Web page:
“The reality is that cruel men can do kind things and kind men can be cruel. A hundred percent consistency is a rare thing. And the phenomenon of the perpetrator-victim is not restricted to international courts: it is a familiar one in all criminal jurisdictions. Fatherless children in bleak inner cities face brutal and involuntary initiation ordeals into gang life, before themselves taking on a criminal lifestyle. Child abusers consistently reveal that they have been abused themselves as children.

“But having suffered victimization in the past is not a justification, nor an excuse to victimise others. Each human being must be considered to be endowed with moral responsibility for their actions. And the focus of the ICC’s criminal process is not on the goodness or badness of the accused person, but on the criminal acts which he or she has committed. We are not here to deny that Mr. Ongwen was a victim in his youth. We will prove what he did, what he said, and the impact of those deeds on his many victims.

“This Court will not decide his goodness or badness, nor whether he deserves sympathy, but whether he is guilty of the serious crimes committed as an adult, with which he stands charged.”

I’ve just posted at SSRN the chapter I published at the beginning of the year in The Cambridge Companion to International Criminal Law, edited by Professor William A. Schabas.

policyThe chapter, entitled “Children,” aims to look back at developments in the area since World War II, and then to cast a forward glance at the comprehensive approach now under way at the International Criminal Court – where, incidentally, the ICC Office of the Prosecutor Policy on Children will be launched on November 16, 2016. I was privileged to help with drafting in my capacity as Special Adviser to the Prosecutor on this issue. (prior posts) The date coincides with the start of the annual meeting of the ICC Assembly of States Parties.

Here’s the abstract for my article:

cambridgeThis chapter, which appears in The Cambridge Companion to International Criminal Law (William A. Schabas ed. 2016), discusses how international criminal law instruments and institutions address crimes against and affecting children. It contrasts the absence of express attention in the post-World War II era with the multiple provisions pertaining to children in the 1998 Statute of the International Criminal Court. The chapter examines key judgments in that court and in the Special Court for Sierra Leone, as well as the ICC’s current, comprehensive approach to the effects that crimes within its jurisdiction have on children. The chapter concludes with a discussion of challenges to the prevention and punishment of such international crimes.

SSRN e-journals where this abstract may be found (thanks to always-welcome assistance from TJ Striepe of Georgia Law’s Alexander Campbell King Law Library) include the University of Georgia School of Law Legal Studies Research Paper Series and the Dean Rusk International Law Center Research Paper Series.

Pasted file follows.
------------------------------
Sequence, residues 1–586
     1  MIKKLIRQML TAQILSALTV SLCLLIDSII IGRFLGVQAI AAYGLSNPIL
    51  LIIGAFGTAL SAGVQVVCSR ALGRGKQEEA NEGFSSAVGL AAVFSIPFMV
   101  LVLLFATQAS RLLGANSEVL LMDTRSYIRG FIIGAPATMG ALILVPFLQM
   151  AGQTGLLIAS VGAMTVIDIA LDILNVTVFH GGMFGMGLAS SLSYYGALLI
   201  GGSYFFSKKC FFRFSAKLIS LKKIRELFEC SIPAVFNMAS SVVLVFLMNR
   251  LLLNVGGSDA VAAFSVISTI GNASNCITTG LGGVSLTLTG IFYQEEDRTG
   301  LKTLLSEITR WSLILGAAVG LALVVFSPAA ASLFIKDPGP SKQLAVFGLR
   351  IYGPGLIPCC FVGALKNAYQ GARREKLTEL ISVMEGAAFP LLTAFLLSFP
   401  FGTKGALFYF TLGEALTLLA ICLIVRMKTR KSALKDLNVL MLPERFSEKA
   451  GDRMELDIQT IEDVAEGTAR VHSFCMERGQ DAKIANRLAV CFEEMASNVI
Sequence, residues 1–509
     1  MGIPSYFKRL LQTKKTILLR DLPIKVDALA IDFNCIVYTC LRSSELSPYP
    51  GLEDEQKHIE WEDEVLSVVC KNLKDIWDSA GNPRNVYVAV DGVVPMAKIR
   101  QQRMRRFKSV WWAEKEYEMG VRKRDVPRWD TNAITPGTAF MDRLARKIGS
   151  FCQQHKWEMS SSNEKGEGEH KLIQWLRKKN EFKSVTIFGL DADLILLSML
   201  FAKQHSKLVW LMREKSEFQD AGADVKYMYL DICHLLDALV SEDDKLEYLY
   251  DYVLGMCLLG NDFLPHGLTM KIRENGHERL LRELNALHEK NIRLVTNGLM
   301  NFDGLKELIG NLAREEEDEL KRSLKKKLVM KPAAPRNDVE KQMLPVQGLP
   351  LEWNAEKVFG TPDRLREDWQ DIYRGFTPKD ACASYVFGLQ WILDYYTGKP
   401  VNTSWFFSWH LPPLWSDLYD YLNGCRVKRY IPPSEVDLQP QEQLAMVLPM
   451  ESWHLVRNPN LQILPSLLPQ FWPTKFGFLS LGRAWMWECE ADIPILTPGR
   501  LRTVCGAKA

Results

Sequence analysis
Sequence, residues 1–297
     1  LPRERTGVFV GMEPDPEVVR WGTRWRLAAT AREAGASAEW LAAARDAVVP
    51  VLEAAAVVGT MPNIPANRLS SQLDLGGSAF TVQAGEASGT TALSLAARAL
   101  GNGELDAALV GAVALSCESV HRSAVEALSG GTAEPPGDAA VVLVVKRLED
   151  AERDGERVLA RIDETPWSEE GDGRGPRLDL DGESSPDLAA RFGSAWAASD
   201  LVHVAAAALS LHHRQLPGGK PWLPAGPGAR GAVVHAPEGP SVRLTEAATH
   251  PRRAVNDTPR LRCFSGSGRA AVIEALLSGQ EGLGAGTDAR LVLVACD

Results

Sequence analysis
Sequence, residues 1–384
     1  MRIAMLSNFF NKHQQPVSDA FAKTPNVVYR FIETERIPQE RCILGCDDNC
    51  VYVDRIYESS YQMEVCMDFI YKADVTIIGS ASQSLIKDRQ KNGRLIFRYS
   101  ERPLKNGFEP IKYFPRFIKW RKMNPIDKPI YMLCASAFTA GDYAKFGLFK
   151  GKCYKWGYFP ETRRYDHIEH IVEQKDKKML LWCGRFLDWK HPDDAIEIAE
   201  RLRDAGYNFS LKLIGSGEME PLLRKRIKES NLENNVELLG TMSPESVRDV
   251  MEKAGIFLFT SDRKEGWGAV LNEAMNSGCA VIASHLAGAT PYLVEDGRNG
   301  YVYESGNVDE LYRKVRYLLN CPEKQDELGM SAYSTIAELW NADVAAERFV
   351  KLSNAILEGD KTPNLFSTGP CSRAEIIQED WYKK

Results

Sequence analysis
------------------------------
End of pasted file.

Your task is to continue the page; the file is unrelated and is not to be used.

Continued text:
(Cross-posted from Exchange of Notes)

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Very pleased to announce that papers from a Georgia Law conference “Children & International Criminal Justice” have just been published by our Georgia Journal of International & Comparative Law.

The conference was cosponsored by Dean Rusk International Law Center and the Georgia Law Project on Armed Conflict & Children, as well as the university’s African Studies Institute, the Planethood Foundation, and the American Society of International Law-Southeast.

About 2 dozen experts came to Athens, Georgia, from as far as Doha and Kinshasa, to discuss the topic at hand. In so doing, they assisted in the preparation of the International Criminal Court Office of the Prosecutor Policy on Children. As detailed in recent posts, available here and here, the public comment period for the draft of that Policy continues through August 5, 2016, with launch of the final document set for mid-November.

bensouda_me2_28oct14cropA keynote speech by ICC Prosecutor Fatou Bensouda (at right) highlighted our conference, and the text of her speech headlines the edition. Other writings link the work of the ICC to the 1989 Convention of the Rights of the Child, examine the experiences of children in armed conflict and similar situations. Student rapporteurs’ accounts of expert breakout sessions additionally treat a range of issues. All these papers contributed significantly to the Policy process.

The edition concludes with students’ notes apart from the conference; one of these, for which I was honored to serve as faculty adviser, examines the issue of child marriage.

Here, in full, is the table of contents for Volume 43, issue 3, with PDF links to each article:

Children and International Criminal Justice Conference

“Convening Experts on Children and International Criminal Justice,” by yours truly, Diane Marie Amann (above, at left), Associate Dean for International Programs & Strategic Initiatives and Emily & Ernest Woodruff Chair in International Law, and also Prosecutor Bensouda’s Special Adviser on Children in & affected by Armed Conflict

“Children and International Criminal Justice,” by Fatou Bensouda (above, at right), Prosecutor of the International Criminal Court

malone“Maturing Justice: Integrating the Convention on the Rights of the Child into the Judgments and Processes of the International Criminal Court,” by Linda A. Malone (right), Marshall-Wythe Foundation Professor of Law and Founding Director of the Human Security Law Center, William & Mary Law School

drumblm“Children, Armed Violence and Transition: Challenges for International Law & Policy,” by Mark Drumbl (left), Class of 1975 Alumni Professor of Law and Director of the Transnational Law Institute at Washington & Lee University School of Law